Ma-aram: Pagtanghal sa Katutubong Kaalaman presents five short documentaries on traditions articulating the wealth of indigenous knowledge and creative practices. The impetus for the creation of these documentaries was to capture vanishing traditions before they become completely extinct and distant from memory.

Modernity has changed the milieu and the landscape from where these traditions spring and thrive. Inland and outland migration, loss of ancestral lands, changes in agricultural patterns, environmental maladies, even the passing away of old culture bearers—these are just some of the factors that threaten the continuity of these traditional cultural practices.

While shooting the documentaries and the photographs, we engaged with a spectrum of traditions emplaced in the category “vanishing.”  The category of vanishing itself became more nuanced than ever, presenting itself as gradations and permutations, while unravelling the factors that make a tradition vulnerable to the social, cultural, and geo-political contexts.




Episode 1: “Panata at Panalangin”
Tradition: Subli
Locality:  Sitio Sapangan, Barangay Talumpok, SIyudad ng Batangas

In Sitio Sapangan, Barangay Talumpok Silangan, city of Batangas, live a close-knit  community of peasants, all members of the Iglesia Filipina Independiente, also known as the Aglipay Church.  Many seasons ago, the lush expanse of Mount Banoy, where their barangay stands, gave them their modest livelihood.

They tilled farms and planted rice, fruits, and vegetables.  The subli belonged to an ensemble of offerings so that rain will nourish the soil and make it yield bountiful harvests. It was staged after the “lovena”  to Santo Niño, as a procession of candles caps the gathering of the Aglipayan faithful.

There are no more lands to till as swidden farming has been prohibited by the Department of Environment and Natural Resources (DENR). They have turned to other forms of livelihood, such as raising animals and small-time buying and selling. Incomes are meager and intermittent. The subli has been stripped of it ritual context.

The manunubli are on to their eighth decade and losing the agility of their bodies. The subli survives only because of government support, through a yearly spectacle that showcases the old and the young performing what is both dance and devotion.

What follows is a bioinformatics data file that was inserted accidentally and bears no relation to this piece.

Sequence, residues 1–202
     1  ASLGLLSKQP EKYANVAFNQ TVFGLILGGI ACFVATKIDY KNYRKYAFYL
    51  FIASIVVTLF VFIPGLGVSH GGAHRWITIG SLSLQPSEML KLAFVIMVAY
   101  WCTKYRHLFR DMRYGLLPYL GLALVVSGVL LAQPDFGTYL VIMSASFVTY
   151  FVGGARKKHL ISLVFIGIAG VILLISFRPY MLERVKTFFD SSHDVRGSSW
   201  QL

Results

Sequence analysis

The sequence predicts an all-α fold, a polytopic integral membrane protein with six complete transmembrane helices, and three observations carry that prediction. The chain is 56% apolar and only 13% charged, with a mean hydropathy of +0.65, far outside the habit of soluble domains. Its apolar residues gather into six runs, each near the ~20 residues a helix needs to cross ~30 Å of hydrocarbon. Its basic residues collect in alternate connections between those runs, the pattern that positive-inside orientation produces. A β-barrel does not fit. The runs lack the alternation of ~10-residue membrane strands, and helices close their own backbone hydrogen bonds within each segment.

Episode 2: “Huni at Himig”
Tradition: Sludoy (Bamboo zither)
Locality:  Lamlahak, Lake Sebu

The music of Bé Tunding evokes the sounds and silences of nature. Her instruments were crafted from what the forest gives to those who live in its bosom. As a child, she learned to tinker with a number of T’boli instruments by watching her elders play the hegelong (three stringed guitar), the duwagey (lute), the sloli (bamboo flute) and the sludoy (bamboo zither).

Her body harbors a repertoire of 40 musical pieces with her sludoy. Many seasons ago her music expressed the rhymes and rhythms of the T’boli culture, and her people took it as their own, a source of pride and a marker of identity. Bé Tunding was both master and mentor.

Times have changed: some of the younger generation have left Lamlahak, and those who stayed took in the rhythms of street dancing and videoke music.  Bê Tunding just turned 102. She is wan and weary, and she thinks her musical pieces, all 40, will die with her.



Episode 3: “Tres Maestras”
Tradition: Binacul weaving
Locality:  Barangay Mindoro, Vigan, Ilocos Sur

Nana Petra, Nana Ibing, and Nana Talin, all in their 80s, are the remaining binacul master weavers in the coastal barangay Mindoro, city of Vigan. Binacol weaving is both complex and arduous but its market price does not compensate for the labor and raw materials expended by the weavers. No one is expected to take it on as both craft and source of income. But through the years, these three master weavers have persisted.

A community-wide effort supported by a private foundation yields new looms for the three households, and three mentees for the three masters have emerged as the prospective weavers of the next generation. Will the younger  take on—and sustain— binacul weaving? Will the apprentice  be as dedicated to the craft as their masters?

Or will they choose other paths? And when the master weavers move on to the afterlife, will the tilar (loom) be consigned to time and memory?



Episode 4: “Kulay at Buhay”
Tradition: Tepo mat weaving
Locality:  Ungus matata, Tandubas Island, Tawi-tawi

Mariyam Mutalib, Jessa Abdulmunap, and Nurfaisa Dalimbang are some of the most active weavers in Ungus Matata, island of Tandubas in Tawi-Tawi.  Born generations apart, these three women are heads of households, nurturing the members of their kin with the incomes derived from tepo mat weaving.

However, the markets are small and the earnings meager, and the time to make one mat— from the harvesting of the pandan to weaving—is long and arduous. Will their devotion to mat-making be as deep and lasting as their faiths forged in the teachings of Islam?



Episode 5: “Payoh at Pamana”
Tradition: The ling-ling-o
Locality:  Banawe & Kiangan, Province of Ifugao

Tourist markets in Banawe have largely altered the use and cultural meaning of the ling-ling-o. In Kiangan, the ornament is venerated as the payoh (rice fields), and is passed on from one generation to another, along with other artefacts associated with the kadangyan, the landed class of the Ifugao.

Ifugao  (mumbaki) bemoan the transformation of the use and value of the ling-ling-o. Change is inevitable. How will the elders of the Ifugao community engage with the changing cultural meanings and shifting contexts of their material cultures?


Ma-aram: Pagtanghal sa Katutubong Kaalaman is a project of the Philippine Studies Association, Inc. and is made possible through the support  of the National Commission for Culture and the Arts and the Office of Senator Loren Legarda.

For additional learning resources, you may download the Ma-aram Teachers’ Guide here.